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Shiba Inu

Shiba-Inu Dog Breed

Aliases: Japanese Shiba Inu, Shiba,

Life Span: between 12 and 15 years
Litter Size: up to 3 pups
Group: Northern, AKC Non-Sporting
Color: Variety of colors- red, or red with a little black overlay, or black with tan markings being the most common. In general, the dog should have white or cream-colored markings on the cheeks and sides of the muzzle, throat, underside and chest.
Hair Length: Short
Size: Medium
Shedding: Heavy Shed
Male Height: 14 inches - 16 inches
Male Weight: 20 lbs - 30 lbs
Female Height: 13 inches - 15 inches
Female Weight: 19 lbs - 28 lbs
General info courtesy of Additional information about this breed can be found on theirwebsite.

Thyroid Disease - Low Risk

The Shiba-Inu ranks #122 among all breeds for autoimmune thyroiditis prevalence. This is considered a low risk breed so your chances of obtaining a dog with the disease is small. It is still suggested that dogs meant for breeding still be tested to help bring the incidence of disease even lower (or even eliminate it). 

 Rank Among Breeds  Number of Dogs Tested  Percent of Dogs With Disease
 #122  305  2.3%

You can download the full report (on all breeds) by the Michigan State University Diagnostic Center for Population and Animal Health. Here

Other Health Problems

Like all breeds of this size, the Shiba can have health issues. Most of these problems can be avoided with proper nutrition, hygiene, and regular visits to the vet.

The Shibas can have some hereditary defects, for which all reputable breeders screen their breeding stock. Patellar luxation will sometimes appear in Shibas. This ailment causes loose kneecaps and is usually not severe enough to be detrimental to a pet. An experienced veterinarian can detect this condition early on.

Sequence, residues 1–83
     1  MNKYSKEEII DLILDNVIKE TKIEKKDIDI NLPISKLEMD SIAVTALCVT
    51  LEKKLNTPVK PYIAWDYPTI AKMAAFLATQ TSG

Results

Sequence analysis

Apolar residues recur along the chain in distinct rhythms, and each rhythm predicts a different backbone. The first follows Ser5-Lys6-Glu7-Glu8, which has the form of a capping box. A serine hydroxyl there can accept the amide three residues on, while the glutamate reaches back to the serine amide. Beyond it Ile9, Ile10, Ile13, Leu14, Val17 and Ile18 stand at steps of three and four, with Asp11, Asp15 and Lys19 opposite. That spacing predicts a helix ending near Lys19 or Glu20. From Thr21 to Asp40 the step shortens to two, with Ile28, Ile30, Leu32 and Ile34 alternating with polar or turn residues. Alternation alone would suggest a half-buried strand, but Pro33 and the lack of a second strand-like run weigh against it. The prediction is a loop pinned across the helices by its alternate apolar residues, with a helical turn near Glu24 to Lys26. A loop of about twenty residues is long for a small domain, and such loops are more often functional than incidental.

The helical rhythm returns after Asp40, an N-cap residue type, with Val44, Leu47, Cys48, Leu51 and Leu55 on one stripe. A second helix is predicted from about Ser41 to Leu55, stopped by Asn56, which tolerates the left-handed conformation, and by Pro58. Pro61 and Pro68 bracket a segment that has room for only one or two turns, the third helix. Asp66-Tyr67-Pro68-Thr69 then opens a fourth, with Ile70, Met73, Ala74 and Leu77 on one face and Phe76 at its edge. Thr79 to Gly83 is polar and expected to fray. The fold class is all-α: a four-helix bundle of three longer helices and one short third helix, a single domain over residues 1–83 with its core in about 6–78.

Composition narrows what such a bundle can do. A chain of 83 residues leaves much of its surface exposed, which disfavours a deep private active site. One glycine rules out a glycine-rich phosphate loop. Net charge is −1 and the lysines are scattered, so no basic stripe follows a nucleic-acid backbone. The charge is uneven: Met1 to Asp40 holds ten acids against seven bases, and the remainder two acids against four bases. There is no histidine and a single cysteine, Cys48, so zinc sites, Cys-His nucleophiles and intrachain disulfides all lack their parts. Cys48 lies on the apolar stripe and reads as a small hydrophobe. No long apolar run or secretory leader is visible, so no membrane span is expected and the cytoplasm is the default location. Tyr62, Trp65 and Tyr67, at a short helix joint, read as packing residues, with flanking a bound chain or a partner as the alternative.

Moderate to severe patellar luxation can easily be corrected by surgery and the dog will lead a normal, healthy life.

Another health issue is hip dysplasia. It is not as serious in the Shiba as it is in large breeds of dogs but it can occur.

Something that many new owners do not know is that the Shiba can be prone to allergies. If you suspect allergies, you should take the animal to the vet as soon as possible as the symptoms can range from mild to very severe.

The Shiba may also suffer from glaucoma. This can be detected early on through regular visits to the vet. As with many dogs, eye problems can present problems and owners are encouraged to have their dogs eyes checked regularly. These eye test are now easy to conduct and are worth the small added costs.

Another eye issue that all dog owners need to be aware of is PRA, Progressive Retinal Atrophy. This is an genetic disorder which makes prevention of the disease something of an issue. Research is being done on this issue ever now.

For those interested, much more information on the possible ailments that can be present in this size of animal can be found online or through your vet.